The focus of Dr. Morris' research and practice is Alzheimer's disease and other neurological disorders associated with aging. Specific research interests include improving the diagnosis of early-stage Alzheimer's disease, clinicopathological correlations in dementing disorders, evaluating new drugs for the treatment of dementia, establishing phenotypes for inherited forms of Alzheimer disease and other dementias, and identifying preclinical stages of Alzheimer disease by biomarker and neuroimaging studies.
Professor, Family Medicine and Osteopathic Manipulative Medicine, and Executive Director, Institute for Translational Research, University of North Texas Health Science Center
Dr. O'Bryant is focused on identifying precision medicine approaches to dealing with brain diseases like Alzheimer’s disease, Parkinson’s disease, Down syndrome, Dementia with Lewy bodies and others. He believes that, through novel collaborative science, together we can bring better tools to health care providers helping patients and families.
Associate Professor, Department of Medicine and the Wisconsin Alzheimer Disease Research Center, University Wisconsin – Madison
Dr. Okonkwo's research focuses on clarifying how alterations in the brain and other biomolecules (such as cerebrospinal fluid β-amyloid) place some cognitively-normal individuals on a trajectory that culminates in probable Alzheimer’s disease. He is also interested in discovering new knowledge concerning the modulation of the link between brain changes and cognitive decline by both modifiable (e.g., cognitively-stimulating activities, physical exercise) and non-modifiable (e.g., genetic vulnerability) factors.
Professor, Community Health Systems, School of Nursing, University of California, San Francisco
Dr. Park's primary research interest is to address issues related to racial and ethnic minority health and healthcare disparities, especially among Asian Americans and Pacific Islanders (AAPI), through community-based participatory research. Her research areas include mental health and Alzheimer's disease and related dementias (ADRD) caregiving.
St. Louis Community Leader and Chair, Knight ADRC African American Advisory Board, Washington University School of Medicine
The focus of Pastor Douglass Petty's contribution to research in Alzheimer's disease and related diseases (ADRD) is his long-time involvement in and current chairing of the Knight ADRC African American Advisory Board. The Board advises the Knight ADRC on strategies to improve recruitment and retention of historically minoritized groups in ADRD research.
Associate Professor, Institute for Health & Aging, School of Nursing, University of California, San Francisco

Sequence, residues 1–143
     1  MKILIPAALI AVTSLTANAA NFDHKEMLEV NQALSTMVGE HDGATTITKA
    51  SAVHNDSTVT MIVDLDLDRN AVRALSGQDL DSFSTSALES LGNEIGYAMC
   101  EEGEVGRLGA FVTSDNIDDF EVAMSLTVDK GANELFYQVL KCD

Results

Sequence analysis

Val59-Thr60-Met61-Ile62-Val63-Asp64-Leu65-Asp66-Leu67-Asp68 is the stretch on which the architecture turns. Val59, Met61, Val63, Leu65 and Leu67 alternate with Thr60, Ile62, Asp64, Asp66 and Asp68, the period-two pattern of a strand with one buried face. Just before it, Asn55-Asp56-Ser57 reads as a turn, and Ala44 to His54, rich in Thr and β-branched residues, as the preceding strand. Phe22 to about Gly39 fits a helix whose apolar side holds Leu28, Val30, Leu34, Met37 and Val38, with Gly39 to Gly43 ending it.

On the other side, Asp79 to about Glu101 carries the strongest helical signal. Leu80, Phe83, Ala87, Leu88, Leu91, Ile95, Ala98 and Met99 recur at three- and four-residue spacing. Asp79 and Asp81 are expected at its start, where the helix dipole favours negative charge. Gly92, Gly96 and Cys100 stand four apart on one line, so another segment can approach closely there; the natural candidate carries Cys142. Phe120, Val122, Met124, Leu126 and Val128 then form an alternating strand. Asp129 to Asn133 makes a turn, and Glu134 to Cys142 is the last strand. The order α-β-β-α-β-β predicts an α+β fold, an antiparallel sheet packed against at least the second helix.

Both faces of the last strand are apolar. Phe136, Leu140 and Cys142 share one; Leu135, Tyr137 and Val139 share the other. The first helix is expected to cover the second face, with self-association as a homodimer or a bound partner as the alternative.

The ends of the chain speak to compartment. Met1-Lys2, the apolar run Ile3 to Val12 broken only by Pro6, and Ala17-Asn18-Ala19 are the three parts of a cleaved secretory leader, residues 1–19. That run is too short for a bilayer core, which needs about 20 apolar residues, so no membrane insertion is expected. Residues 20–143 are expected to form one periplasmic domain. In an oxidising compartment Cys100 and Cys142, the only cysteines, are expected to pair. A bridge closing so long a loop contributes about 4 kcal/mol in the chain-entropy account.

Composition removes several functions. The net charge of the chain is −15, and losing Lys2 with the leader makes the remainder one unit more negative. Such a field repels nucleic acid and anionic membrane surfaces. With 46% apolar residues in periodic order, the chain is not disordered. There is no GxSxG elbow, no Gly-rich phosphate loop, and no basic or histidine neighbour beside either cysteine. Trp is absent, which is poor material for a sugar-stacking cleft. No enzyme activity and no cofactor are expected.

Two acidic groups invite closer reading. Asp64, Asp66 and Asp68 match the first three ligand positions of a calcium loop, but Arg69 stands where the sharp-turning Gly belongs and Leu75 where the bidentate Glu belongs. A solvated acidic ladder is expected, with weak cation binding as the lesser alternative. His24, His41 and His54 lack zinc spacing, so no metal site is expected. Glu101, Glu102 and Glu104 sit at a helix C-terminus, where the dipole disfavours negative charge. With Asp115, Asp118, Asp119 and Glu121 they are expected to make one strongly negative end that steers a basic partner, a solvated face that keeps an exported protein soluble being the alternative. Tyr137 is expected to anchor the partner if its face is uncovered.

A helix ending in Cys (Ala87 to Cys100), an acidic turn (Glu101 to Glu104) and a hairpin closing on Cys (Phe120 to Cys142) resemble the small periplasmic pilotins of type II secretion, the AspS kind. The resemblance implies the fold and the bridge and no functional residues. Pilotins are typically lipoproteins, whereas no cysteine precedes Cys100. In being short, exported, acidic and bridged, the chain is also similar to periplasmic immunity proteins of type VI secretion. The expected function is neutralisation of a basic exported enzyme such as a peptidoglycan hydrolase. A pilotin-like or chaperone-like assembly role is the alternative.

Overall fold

Dr. Portacolone has research experience in studying cognitive impairment, older adults who are racial/ethnic minorities, innovative recruitment strategies, as well as artificial intelligence and other technologies to support people with cognitive impairment age in place. She has led six investigations that focus on identifying barriers and facilitators to acute and long-term services and supports, increasing engagement of racial/ethnic minorities in dementia research, social integration, and emergency preparedness in vulnerable older adults, the majority of them living alone. The majority of study participants in her studies belong to racial/ethnic minorities. She has received extensive training in cognitive impairment, ethics, and advanced qualitative methods, as well as mixed methods.
Project Manager, Trusting Research, University of California, San Francisco
Tamara’s personal mission is to make a positive impact on human health. With a background in biomedical science and business administration, Tamara has contributed to various organizations in the Academic Research, Healthcare and Biotech industries over the past ten years by crafting strategy, as well as leading the operation and implementation efforts. Tamara has a keen interest in the following areas; Health policy, Change management, and Empowerment of underrepresented communities.
President, Hispanic Neuropsychological Society, Professor of Psychology, Fordham University, and holds a joint appointment in Neurology at the Icahn School of Medicine at Mount Sinai
The overarching aim of my work is to reduce health disparities among disenfranchised and underserved populations by utilizing my research to inform culturally-tailored interventions and ultimately improve health outcomes among these populations. To this end, my research is dedicated to investigating the effects of HIV, aging, substance use, and substance use treatment on the brain, functional outcomes, and health disparities - particularly among U.S. Latina/o and Afro-Caribbean populations.
Project Manager, Knight ADRC, Washington University School of Medicine
Marissa Streitz, MSW, LCSW is a Project Manager at the Knight Alzheimer Disease Research Center at the Washington University School of Medicine and has 10 years of geriatric social work experience. Marissa's research interests include disparities in healthy aging and social determinants of health. Marissa has published in such journals as Alzheimer’s & Dementia: The Journal of the Alzheimer’s Association, Alzheimer Disease and Associated Disorders, and Patient Education and Counseling.
Professor of Medicine, Division of Geriatric Medicine, Senior Vice President and Senior Associate Dean, for Health Equity and Inclusive Excellence, Vanderbilt University
Among Dr. Wilkins’ many contributions to science is her prescient focus on engaging racial and ethnic minority communities, using implementation science methodologies in the design and conduct of clinical research. She has pioneered efforts to move the academic and clinical research enterprise to transform approaches to clinical research design by embedding participant and community engagement in every aspect of biomedical discovery. An elected member of the National Academy of Medicine, she has published over 100 papers on her research.
Assistant Professor, University of Wisconsin School of Nursing
Dr. Zuelsdorff is an epidemiologist studying social-to-biological pathways that shape cognitive health and health disparities in older populations. Primary goals of her research program include identifying (1) community-specific dementia risk factors, as well as (2) personal, community, and policy-based resources that promote successful aging, delay impairment, and reduce burden for families and communities.